Furthermore, it provides protection while the primary roofing material is being installed, and in the case of any future damages to the upper layers. This shield is especially vital in regions with frequent freeze-thaw cycles, ensuring that your metal valleys remain as robust and leak-proof as the day they were installed.

Comparing Different Metal Valley Options

When evaluating metal valley materials, consider durability, cost, and compatibility with the existing roofing. Galvanized steel, a popular choice, offers strong resistance to corrosion and suits most budgets. Aluminum valleys, while lightweight and rust-proof, may be preferable in coastal areas due to their excellent resistance to saltwater corrosion. For a more premium look that ages to an attractive patina, copper is a high-end option known for its longevity and resilience. Zinc valleys also offer a unique aesthetic and corrosion resistance but can be more expensive. Installation methods vary, with some metals being easier to work with than others, influencing labor costs.

Selecting the right gauge—or thickness—of the metal is critical. Thicker options typically offer better durability, but come at a higher price point. Manufacturer specifications and recommendations are vital to follow to ensure the correct gauge for your particular roof.

Compatibility with the existing roofing materials is also paramount to prevent galvanic corrosion. Metals like copper can cause faster degradation of aluminum gutters and flashings if direct contact occurs.

Lastly, the finish of the metal—in terms of color, reflectivity, and texture—can impact both the aesthetic appeal and the energy efficiency of your home, with some finishes offering better UV reflectivity than others.

Challenges With Roof Valleys: Common Problems

Roof valleys are critical areas where two roof slopes meet, channeling water towards the gutters. Despite their importance, valleys face several common challenges:

  • Debris Accumulation: Leaves, twigs, and dirt often gather in valleys, impeding water flow and potentially leading to leaks.
  • Ice Dams: In cold climates, ice can build up in the valleys, forcing water under shingles and causing damage.
  • Improper Installation: If valley flashing isn’t installed correctly, it can result in gaps or buckling, leaving the roof vulnerable to water penetration.
  • Corrosion: Metal valleys, while durable, can corrode over time due to continuous exposure to water and harsh environmental conditions.
  • Waterproofing Failures: Sealant around the valley can degrade, compromising the watertight integrity of the roofing system.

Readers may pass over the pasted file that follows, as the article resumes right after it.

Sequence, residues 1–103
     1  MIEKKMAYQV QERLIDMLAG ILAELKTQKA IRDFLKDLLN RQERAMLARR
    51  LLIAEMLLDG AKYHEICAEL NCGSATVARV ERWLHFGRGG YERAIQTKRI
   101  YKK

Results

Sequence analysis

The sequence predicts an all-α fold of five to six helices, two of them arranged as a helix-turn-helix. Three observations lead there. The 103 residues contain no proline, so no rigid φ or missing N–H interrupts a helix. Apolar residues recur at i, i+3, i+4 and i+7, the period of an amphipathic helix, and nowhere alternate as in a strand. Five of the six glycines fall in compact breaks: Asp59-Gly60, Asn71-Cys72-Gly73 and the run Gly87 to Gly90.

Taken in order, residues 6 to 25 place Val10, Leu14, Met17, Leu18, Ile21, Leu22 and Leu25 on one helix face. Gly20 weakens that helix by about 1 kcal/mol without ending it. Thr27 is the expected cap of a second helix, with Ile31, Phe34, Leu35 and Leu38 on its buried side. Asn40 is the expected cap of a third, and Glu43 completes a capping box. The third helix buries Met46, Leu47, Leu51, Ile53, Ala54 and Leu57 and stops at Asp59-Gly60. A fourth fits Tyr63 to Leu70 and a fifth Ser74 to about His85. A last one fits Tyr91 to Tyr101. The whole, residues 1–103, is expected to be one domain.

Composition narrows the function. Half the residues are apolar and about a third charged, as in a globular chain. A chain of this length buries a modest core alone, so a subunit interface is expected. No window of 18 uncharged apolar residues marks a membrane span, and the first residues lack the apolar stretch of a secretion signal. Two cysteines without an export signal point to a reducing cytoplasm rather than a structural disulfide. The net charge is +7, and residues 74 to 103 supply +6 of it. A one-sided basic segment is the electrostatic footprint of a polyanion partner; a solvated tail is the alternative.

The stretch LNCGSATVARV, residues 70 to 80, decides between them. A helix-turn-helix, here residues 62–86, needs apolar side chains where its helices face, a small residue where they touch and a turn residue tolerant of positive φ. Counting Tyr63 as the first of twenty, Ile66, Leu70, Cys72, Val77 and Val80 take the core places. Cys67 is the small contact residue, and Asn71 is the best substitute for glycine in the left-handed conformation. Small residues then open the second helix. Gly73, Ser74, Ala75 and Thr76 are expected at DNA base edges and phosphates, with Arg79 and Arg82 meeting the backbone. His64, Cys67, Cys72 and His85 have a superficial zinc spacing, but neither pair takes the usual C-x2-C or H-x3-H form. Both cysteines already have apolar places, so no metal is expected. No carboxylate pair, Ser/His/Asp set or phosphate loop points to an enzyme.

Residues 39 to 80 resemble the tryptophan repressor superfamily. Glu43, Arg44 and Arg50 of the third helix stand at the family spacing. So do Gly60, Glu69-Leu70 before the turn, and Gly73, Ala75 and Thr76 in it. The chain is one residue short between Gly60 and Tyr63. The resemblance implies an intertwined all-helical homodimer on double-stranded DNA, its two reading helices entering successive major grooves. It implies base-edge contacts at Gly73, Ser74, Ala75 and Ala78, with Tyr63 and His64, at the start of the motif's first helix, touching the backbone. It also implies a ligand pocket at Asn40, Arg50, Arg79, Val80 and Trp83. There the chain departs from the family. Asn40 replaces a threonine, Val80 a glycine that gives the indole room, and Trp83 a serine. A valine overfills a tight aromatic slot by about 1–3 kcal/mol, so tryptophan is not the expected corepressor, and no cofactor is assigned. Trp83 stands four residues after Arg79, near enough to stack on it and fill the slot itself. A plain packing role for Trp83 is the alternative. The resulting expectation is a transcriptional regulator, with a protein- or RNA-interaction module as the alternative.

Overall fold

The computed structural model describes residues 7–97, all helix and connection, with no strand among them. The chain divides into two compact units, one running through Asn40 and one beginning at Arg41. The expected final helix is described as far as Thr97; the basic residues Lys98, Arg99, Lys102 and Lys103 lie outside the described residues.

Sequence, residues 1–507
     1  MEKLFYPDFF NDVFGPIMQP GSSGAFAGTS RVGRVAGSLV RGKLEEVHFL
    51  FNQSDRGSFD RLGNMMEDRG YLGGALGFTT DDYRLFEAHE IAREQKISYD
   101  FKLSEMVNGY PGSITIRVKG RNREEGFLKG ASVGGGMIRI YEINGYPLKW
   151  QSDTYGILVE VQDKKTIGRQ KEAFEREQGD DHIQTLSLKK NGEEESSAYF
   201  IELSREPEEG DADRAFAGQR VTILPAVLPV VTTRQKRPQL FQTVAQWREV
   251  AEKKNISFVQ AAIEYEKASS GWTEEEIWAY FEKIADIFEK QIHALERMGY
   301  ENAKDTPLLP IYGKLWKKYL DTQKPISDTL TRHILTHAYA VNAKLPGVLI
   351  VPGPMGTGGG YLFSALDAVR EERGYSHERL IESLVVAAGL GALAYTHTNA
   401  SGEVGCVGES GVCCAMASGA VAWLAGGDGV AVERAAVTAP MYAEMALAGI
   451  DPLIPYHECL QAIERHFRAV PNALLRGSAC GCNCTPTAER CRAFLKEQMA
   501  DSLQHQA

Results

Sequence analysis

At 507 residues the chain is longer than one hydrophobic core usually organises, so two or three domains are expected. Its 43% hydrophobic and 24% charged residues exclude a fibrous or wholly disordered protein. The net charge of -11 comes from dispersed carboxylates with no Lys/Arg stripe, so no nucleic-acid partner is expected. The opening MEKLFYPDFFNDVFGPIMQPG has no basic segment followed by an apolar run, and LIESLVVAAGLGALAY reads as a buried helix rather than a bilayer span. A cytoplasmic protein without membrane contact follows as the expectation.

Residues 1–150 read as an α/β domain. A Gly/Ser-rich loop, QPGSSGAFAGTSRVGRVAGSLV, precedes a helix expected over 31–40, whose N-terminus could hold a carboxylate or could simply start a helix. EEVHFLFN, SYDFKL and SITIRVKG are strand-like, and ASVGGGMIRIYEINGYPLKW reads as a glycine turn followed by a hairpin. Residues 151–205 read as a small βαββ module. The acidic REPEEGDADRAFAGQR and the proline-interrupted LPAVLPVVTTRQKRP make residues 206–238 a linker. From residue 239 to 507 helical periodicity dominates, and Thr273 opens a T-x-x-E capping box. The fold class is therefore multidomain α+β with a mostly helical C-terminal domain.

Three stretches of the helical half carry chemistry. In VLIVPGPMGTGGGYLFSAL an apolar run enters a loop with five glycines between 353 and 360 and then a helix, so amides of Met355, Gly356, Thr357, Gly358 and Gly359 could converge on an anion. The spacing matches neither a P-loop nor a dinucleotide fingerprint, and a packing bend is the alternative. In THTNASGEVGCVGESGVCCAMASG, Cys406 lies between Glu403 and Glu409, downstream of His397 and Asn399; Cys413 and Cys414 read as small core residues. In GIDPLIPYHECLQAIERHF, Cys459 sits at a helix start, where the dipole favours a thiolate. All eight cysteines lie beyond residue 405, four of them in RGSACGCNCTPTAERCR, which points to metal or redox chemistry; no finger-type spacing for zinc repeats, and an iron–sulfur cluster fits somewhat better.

Monitoring these areas and performing regular maintenance is essential to prevent long-term damage to your roof.

Best Practices for Using Ice and Water Shield With Metal Roof Valleys

Ensuring long-term durability of metal roof valleys hinges on correct installation and the integration of an ice and water shield. To optimize protection, adhere to the following best practices:

  • Begin by cleaning the deck to create a smooth, debris-free surface that enhances the shield’s adhesiveness.
  • Install the ice and water shield directly onto the roof deck, centering it in the valley. Maintain uniformity; this shield acts as a secondary barrier against moisture infiltration.
  • Overlap the edges of the shield by at least six inches, a critical step in creating a watertight seal.
  • Press down firmly along the entire surface of the shield to eliminate air pockets and secure a bond strong enough to withstand environmental stressors.
  • Avoid stretching the material, as tension may compromise the shield’s integrity and its ability to repel water effectively.
  • Trim the shield carefully at the valley’s end, ensuring ample coverage without obstructing water flow at the eaves.

By paying special attention to these details, you can maximize the performance of your metal roof valleys and prevent water damage.

Recognizing Signs That Your Roof Valley May Need Repair

Early detection of issues in your roof valley can prevent extensive water damage. Pay attention to the following indicators:

  • Visible Rust or Corrosion: Metal valleys should have a clean, uninterrupted surface. Rust may suggest that the material is nearing the end of its useful life.
  • Water Stains on Interior Ceilings: If stains appear directly beneath the valley, this may indicate that water is penetrating the roof.
  • Debris Accumulation: Leaves and other organic materials can trap moisture and cause the metal to deteriorate.